DESPITE one in four recognised pregnancies resulting in miscarriage, with the obvious implication that the actual number is much higher, recent media coverage of Meghan Markle’s miscarriage strongly argues that we struggle to talk about this very common issue. Perhaps it is because during the first three months of pregnancy, during which over 80 per cent of miscarriages occur, many women feel unable to share their joy due to such great uncertainty, which unfortunately makes announcing their loss seem even harder.

The most common cause of miscarriage is a genetic abnormality in the developing baby, which would be incompatible with the pregnancy proceeding to term, or life after birth.

Not all bleeding in pregnancy is a miscarriage. An implantation bleed, at the time of your first missed pregnancy, signifies the fertilised egg attaching itself to the lining of the uterus (womb), and is an entirely harmless event.

Sometimes miscarriage occurs without any physical unwell, and the first time it is picked up is on a routine scan, when the baby’s heart beat cannot be detected. Some women report that they stopped feeling the typical symptoms of early pregnancy including morning sickness and breast tenderness. This is known as a missed miscarriage.

Without wishing to scare, any bleeding in pregnancy should not be ignored. Some expectant mothers suffer bleeding during pregnancy, termed a threatened miscarriage, but go on to complete a successful pregnancy. Other times a threatened miscarriage sadly ends with the event itself.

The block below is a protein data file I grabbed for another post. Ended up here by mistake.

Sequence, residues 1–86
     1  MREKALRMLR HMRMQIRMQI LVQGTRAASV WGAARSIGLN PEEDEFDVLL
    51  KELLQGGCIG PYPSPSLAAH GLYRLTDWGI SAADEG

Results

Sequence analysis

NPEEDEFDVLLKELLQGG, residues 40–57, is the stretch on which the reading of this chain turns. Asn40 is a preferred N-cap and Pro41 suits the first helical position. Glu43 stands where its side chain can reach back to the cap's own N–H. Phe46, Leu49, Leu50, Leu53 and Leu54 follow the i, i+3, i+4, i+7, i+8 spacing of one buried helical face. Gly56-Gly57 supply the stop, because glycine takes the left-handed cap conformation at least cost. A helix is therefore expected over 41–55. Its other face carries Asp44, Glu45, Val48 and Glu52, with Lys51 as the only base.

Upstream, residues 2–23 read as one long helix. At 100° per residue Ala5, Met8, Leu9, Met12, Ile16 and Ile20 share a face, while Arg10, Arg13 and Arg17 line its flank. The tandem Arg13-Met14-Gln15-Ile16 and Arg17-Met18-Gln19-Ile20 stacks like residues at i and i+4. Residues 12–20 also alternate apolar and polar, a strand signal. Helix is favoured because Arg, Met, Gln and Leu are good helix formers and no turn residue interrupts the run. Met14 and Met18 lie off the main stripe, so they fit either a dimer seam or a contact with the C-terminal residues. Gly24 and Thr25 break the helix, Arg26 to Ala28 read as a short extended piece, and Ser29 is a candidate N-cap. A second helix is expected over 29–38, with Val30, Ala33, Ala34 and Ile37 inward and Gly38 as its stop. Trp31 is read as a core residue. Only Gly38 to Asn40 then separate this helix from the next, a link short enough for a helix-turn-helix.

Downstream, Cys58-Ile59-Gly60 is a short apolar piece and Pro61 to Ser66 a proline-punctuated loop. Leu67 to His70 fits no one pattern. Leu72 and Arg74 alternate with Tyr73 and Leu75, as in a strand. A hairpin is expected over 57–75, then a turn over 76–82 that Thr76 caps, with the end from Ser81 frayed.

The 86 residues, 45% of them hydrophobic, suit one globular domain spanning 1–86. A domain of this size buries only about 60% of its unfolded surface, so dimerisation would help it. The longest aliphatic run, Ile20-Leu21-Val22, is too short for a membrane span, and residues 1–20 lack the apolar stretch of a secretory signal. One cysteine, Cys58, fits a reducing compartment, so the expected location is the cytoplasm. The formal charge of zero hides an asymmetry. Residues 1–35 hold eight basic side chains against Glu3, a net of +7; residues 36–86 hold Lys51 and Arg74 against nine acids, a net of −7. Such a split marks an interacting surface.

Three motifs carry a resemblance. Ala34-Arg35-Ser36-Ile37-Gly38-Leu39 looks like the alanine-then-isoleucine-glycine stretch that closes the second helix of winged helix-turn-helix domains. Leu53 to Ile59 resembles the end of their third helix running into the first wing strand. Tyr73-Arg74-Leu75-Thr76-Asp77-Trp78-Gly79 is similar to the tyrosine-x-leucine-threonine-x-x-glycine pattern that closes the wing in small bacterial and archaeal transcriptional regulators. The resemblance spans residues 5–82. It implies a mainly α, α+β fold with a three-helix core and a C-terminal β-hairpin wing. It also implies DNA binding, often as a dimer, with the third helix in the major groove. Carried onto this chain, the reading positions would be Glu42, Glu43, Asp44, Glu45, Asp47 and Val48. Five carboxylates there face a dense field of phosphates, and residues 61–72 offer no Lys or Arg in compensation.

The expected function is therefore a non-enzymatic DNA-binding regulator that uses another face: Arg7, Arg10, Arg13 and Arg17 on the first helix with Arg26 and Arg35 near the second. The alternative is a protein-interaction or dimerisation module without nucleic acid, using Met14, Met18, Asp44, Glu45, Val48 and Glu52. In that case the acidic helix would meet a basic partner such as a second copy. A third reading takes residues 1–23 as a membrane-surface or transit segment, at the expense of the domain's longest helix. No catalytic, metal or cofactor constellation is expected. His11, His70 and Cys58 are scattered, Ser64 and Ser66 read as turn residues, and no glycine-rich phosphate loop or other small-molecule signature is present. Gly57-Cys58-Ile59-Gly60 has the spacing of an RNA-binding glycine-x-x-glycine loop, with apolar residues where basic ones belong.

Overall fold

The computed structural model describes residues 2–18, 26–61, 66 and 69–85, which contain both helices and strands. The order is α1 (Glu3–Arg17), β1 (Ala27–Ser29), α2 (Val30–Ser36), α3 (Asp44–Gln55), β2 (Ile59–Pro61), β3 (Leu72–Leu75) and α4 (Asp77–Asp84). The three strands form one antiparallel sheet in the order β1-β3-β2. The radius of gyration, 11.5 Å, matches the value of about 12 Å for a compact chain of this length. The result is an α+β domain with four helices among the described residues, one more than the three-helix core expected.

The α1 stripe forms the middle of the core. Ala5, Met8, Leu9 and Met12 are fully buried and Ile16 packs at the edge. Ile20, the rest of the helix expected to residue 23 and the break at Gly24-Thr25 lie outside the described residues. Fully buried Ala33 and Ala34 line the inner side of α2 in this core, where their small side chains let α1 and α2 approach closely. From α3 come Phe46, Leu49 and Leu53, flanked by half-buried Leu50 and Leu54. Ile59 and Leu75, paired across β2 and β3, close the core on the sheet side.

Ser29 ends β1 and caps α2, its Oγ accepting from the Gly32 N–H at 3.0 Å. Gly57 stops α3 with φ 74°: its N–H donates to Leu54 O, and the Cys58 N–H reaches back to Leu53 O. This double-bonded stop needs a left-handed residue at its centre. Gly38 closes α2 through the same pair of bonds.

Any presentation suggestive of a miscarriage will be assessed in a dedicated Early Pregnancy Assessment Unit (EPAU).

Fifty percent of definite miscarriages don’t require any medical intervention, with bleeding subsiding within a few days, although it may take up to two weeks. If bleeding doesn’t settle, becomes heavier or you are unwell, you may require medical management or surgical treatment. If ignored, these have the potential to cause infection and for you to become seriously ill.

Miscarriages can be extremely distressing. Your GP will always want to know how you are doing. Dedicated organisations are there round the clock to listen.

The good news is that even two early miscarriages do not reduce your chance of a successful pregnancy.